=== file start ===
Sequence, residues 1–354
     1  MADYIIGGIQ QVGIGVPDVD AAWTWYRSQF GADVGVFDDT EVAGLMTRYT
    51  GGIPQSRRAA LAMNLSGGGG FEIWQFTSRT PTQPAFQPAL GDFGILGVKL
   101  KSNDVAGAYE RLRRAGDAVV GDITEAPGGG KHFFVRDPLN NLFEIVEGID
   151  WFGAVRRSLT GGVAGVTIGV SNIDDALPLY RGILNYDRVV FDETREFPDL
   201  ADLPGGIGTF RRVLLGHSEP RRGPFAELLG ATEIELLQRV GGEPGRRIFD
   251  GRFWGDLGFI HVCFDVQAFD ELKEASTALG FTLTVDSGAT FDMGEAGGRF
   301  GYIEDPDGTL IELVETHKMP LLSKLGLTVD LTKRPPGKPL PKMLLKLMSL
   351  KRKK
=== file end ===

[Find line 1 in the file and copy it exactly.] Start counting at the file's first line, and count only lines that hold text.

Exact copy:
Sequence, residues 1–354